[I have at hand James Miller’s summary of this article in his biography of Foucault; he finds it “remarkable” and “idiosyncratic” that Foucault derives the critical tradition from “the heretical practices of dissenting religious sects” rather than from German theorists (Miller, 302). To the contrary, I find it reminiscent of Bookchin’s description of the Enlightenment as a bottom-up affair, originating with widespread disaffection among the peasantry, and moving into the academy. Numerous parallels with Bookchin and other anarchist thinkers make this text a key one for the interpretation of Foucault as an anarchist or fellow traveller. Arguably Foucault’s openness to seeing other, non-philosophical, etc. movements and sources as revolutionary – including religious ones – was behind his controversial endorsement of the Iranian Revolution in the year following this lecture.]
The "core of critique" is a “bundle of relationships” set up between power, truth, and the subject. A relationship is set up between governmentalization and critique:
And if govemmentalization is indeed this movement through which individuals are subjugated in the reality of a social practice through mechanisms of power that adhere to a truth, well, then! I will say that critique is the movement by which the subject gives himself the right to question truth on its effects of power and question power on its discourses of truth. Well, then!: critique will be the art of voluntary insubordination, that of reflected intractability. Critique would essentially insure the desubjugation of the subject in the context of what we could call, in a word, the politics of truth. (32)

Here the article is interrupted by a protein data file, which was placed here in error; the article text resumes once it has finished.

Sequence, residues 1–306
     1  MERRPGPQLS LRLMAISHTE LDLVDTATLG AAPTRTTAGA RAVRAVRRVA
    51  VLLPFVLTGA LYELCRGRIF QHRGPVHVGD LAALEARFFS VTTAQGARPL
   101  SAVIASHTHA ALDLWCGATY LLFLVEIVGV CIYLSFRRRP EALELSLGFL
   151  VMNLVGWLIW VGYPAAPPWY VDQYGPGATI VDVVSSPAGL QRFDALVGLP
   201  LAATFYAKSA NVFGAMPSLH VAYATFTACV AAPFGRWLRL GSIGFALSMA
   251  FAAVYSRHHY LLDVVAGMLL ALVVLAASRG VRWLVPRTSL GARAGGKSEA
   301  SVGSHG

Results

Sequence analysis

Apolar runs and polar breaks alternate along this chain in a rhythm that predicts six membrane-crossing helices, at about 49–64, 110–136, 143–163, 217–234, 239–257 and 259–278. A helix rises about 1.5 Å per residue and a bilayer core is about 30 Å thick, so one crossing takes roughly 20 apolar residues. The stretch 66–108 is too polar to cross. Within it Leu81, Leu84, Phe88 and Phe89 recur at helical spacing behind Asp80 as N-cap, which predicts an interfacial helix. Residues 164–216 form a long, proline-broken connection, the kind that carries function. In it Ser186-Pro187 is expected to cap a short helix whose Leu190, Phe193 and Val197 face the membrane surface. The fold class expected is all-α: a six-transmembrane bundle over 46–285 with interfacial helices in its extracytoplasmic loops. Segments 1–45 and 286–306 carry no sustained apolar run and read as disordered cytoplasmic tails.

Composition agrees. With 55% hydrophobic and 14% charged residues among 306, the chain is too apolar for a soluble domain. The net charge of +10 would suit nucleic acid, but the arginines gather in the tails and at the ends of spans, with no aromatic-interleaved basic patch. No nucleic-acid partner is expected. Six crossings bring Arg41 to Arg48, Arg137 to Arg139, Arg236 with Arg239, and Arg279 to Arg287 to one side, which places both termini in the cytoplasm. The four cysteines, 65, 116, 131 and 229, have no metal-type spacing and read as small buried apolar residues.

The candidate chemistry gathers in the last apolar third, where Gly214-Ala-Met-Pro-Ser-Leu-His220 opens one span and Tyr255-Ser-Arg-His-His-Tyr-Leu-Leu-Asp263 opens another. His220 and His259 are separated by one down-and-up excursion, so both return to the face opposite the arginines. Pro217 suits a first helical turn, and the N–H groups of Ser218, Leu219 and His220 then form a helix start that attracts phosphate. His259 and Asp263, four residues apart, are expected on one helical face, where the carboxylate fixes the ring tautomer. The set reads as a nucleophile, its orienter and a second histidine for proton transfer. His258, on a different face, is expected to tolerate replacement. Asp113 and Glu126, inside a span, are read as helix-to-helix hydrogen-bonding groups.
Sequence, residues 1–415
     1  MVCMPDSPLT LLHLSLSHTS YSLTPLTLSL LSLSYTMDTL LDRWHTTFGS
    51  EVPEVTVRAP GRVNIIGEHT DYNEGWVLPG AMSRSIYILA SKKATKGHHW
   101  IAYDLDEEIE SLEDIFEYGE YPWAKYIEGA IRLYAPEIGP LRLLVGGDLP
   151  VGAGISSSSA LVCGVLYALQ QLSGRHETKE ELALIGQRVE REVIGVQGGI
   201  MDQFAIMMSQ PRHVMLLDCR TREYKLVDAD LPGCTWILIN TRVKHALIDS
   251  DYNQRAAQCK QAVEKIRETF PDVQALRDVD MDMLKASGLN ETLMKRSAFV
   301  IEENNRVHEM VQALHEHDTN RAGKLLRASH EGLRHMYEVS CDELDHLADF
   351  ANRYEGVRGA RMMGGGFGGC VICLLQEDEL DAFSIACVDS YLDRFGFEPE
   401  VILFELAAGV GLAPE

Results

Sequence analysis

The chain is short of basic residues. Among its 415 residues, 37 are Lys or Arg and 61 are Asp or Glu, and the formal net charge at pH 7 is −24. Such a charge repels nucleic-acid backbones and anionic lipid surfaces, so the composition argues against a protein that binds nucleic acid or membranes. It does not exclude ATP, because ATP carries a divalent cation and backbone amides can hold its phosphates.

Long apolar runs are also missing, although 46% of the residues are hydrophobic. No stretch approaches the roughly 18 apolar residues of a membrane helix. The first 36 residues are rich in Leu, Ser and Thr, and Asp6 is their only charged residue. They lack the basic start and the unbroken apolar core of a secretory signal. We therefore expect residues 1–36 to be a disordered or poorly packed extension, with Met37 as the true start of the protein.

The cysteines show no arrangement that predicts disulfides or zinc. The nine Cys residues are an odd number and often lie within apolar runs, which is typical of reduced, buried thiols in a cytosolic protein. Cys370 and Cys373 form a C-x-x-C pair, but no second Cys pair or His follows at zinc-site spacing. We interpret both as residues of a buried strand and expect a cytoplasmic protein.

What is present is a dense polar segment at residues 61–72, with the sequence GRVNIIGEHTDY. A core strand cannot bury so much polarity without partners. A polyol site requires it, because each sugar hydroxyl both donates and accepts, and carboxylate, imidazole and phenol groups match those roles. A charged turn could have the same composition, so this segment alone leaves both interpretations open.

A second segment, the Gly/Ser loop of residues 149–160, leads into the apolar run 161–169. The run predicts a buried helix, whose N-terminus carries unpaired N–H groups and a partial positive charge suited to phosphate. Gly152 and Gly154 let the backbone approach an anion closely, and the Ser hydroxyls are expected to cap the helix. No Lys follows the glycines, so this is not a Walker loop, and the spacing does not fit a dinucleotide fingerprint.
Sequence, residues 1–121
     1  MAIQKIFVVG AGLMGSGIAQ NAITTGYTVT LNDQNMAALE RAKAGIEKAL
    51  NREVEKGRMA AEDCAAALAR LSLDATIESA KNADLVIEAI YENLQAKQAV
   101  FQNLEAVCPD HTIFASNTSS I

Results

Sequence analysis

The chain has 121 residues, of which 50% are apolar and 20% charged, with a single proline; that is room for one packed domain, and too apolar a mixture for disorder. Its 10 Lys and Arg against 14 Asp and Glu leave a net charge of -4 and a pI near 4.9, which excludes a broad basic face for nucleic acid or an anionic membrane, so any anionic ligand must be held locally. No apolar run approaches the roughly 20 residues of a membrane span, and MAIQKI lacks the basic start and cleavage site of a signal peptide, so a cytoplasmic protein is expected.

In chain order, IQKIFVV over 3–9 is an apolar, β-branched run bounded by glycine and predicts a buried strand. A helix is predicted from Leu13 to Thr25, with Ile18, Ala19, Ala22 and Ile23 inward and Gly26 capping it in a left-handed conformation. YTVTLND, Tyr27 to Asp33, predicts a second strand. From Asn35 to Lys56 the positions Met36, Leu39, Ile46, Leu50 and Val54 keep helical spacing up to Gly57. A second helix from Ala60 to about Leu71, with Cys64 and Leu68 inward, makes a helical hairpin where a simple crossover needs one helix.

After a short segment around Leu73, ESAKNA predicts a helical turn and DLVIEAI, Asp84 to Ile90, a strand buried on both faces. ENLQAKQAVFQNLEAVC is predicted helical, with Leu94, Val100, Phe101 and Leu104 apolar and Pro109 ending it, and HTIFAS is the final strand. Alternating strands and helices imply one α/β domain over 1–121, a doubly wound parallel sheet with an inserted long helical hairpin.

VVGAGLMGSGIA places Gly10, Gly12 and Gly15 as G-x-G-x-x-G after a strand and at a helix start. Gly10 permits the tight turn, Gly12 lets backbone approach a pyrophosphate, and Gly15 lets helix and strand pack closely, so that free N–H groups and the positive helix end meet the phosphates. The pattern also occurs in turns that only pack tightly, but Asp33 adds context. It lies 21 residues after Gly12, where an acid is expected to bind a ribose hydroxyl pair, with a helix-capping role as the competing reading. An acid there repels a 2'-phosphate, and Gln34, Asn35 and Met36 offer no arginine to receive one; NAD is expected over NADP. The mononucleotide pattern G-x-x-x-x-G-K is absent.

[But does the subject really "give themself" the "right" to question? Or is there some imperative, or even interpellation in the Enlightenment subject involved? Is not the imperative for critique, or the critical attitude, tied to the Blackmail of the Enlightenment, the call for continuous improvement and reform? It seems that critique, or the “critical attitude” is demanded of the Enlightenment subject, as part of the way the subject and truth are related, one should not be capable of taking truths on faith, or rather, it is the believer on the basis of faith who must defend their choice to do so, in the context of the Enlightenment.]
Reason and Critique, for Kant, require courage, but are also about knowing one’s own limits, and possibly even about knowing when to stop questioning: Kant asks:
do you know up to what point you can know? Reason as much as you want, but do you really know up to what point you can reason without it becoming dangerous? (34)